Thursday, December 30, 2010
Day 3: A Barrel of Monkeys
So, we've officially been kicked out. Brian and I, that is.
I know that this is best, it is the same situation at school, and at the speech clinic (though I can watch from a 2 way mirror there), and even at "You Can Do It Too," his physical therapy/gymnastics program. When Mom and Dad are around, the little guy is constantly looking to us for a way out of doing whatever it is he needs to be doing. This is true with most kids, and it isn't that we aren't welcome or excluded, we just need to let separation do its magic.
Another parenting lesson. Give the kid some space and you will see what he can do.
What he is doing is amazing -- truly. In the space of a day he has moved past being upset about his cast (well, okay, we still hear a little complaining), to trying to find ways to make the left side do what he wants it to do. He's working very hard to isolate fingers, grasp, and turn a limb that had heretofore been nearly unresponsive except as a prop.
We did get to join in on the last couple tasks of the day, as we discussed our weekend "homework" with his therapist. We had a snack of goldfish and juice, using only the left hand to practicing raking and grasping and pulling. Afterward, we hung monkeys from the "Barrel of Monkeys" all over the basketball net and then put them back "to bed" in the barrel. This was Simon's idea, and his therapist ran with it.
Watching the KKI therapist in action is really amazing. Like anyone with a special needs kid, I've seen a LOT of therapists (PT, OT, SLP.. you name it) in action. They are all nice, well-intentioned people that love kids and try their best to help. However, some folks are much more effective than others.
I've been lucky to work with some wonderful people. And, from what I have observed, there are a few key traits that go into making a great therapist in any discipline. One is the ability to get down to the level of the child and engage them, through language, eye contact and physical contact. For each kid, at each stage of development, this is different but equally important. I tend to think it's like being at a cocktail party with a bunch of people you don't know. You are going to be drawn into conversation with the person that leans in when you speak, makes eye contact with you, and carries themselves in a way that seems happy to be there, relaxed, confident and open.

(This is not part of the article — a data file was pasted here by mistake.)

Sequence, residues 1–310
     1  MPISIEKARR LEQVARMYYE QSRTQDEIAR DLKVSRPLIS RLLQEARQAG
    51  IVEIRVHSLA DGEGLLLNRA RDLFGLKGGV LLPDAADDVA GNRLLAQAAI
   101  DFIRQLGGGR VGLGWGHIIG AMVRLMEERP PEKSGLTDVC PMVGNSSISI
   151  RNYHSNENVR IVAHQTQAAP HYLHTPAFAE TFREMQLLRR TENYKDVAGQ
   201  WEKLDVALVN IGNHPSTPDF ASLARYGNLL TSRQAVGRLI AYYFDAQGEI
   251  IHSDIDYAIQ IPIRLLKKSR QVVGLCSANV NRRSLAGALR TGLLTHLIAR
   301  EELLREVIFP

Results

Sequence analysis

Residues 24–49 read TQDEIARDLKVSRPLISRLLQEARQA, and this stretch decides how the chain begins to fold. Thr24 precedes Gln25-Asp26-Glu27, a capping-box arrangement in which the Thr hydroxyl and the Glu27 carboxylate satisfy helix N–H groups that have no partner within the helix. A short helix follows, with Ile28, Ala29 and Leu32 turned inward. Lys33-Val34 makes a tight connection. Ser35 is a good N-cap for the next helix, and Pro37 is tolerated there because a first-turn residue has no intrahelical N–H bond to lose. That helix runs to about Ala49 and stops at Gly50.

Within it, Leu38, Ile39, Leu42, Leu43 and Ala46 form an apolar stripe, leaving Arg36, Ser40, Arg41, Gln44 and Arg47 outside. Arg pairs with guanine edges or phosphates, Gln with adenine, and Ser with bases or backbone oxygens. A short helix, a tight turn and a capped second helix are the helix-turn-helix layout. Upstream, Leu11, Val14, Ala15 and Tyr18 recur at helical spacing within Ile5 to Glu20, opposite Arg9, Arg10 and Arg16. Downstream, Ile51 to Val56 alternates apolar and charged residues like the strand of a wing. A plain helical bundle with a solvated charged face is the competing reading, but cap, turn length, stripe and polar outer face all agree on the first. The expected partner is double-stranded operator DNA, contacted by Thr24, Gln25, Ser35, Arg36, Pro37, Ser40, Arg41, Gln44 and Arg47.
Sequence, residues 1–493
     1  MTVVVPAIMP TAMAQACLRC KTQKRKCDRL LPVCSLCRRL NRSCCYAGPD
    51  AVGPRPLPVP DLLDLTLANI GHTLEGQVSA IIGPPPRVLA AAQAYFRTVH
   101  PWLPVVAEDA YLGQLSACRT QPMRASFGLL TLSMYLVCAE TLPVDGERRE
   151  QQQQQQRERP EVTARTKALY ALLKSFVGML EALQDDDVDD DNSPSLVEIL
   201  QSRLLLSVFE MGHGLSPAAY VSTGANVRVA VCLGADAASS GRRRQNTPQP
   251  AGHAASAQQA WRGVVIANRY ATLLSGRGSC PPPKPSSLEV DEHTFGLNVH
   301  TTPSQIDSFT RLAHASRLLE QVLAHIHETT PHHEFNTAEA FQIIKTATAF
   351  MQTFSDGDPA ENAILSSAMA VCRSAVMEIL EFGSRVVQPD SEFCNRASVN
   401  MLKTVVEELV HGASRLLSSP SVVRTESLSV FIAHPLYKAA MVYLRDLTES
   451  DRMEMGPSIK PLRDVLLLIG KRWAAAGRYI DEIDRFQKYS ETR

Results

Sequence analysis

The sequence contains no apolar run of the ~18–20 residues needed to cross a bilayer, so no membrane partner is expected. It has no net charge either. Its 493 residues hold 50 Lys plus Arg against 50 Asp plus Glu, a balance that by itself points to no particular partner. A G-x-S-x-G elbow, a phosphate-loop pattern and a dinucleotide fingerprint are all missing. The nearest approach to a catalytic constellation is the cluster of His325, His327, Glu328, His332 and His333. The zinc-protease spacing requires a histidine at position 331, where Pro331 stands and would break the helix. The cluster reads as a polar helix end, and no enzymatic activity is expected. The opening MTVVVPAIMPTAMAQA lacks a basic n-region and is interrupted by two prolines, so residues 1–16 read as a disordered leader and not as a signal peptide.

The other really key component is the ability to be flexible. If something isn't working, if the kid isn't engaged, or is simply getting too frustrated to function, stop what you are doing and try something else. I can't tell you how many times I've seen a therapist doggedly press on with whatever activity they meant to do, only to completely lose the child they were trying to help in a puddle of misery. That doesn't work for anyone. Use the cues that the child is sending, if they are interested in a particular toy, modify the play to suit the therapy you're targeting.
Of course, the above isn't easy and takes a considerable amount of creativity. Often getting to the point of a functional relationship like that takes a lot of time, and a lot of dialogue. A constant work in progress. I think that is why I'm so impressed that the therapist working with Simon was able to hit the ground running, and I think that is also why we've seen such immediate progress.
She's careful not to let him get too frustrated with any task, so he keeps working. She follows his lead and let's him select activities which she adapts to include therapy, but he thinks it is his idea. She's on his level and talking to him constantly with praise and silly songs and laughter, so he thinks he's playing.
I'm going to have to find a way to implement this theory in my classroom... I wonder if the college students would enjoy "Barrel of Monkeys?" And if I can adapt it to teach good compositional skills?
The Gestalt of Monkeys.. coming soon.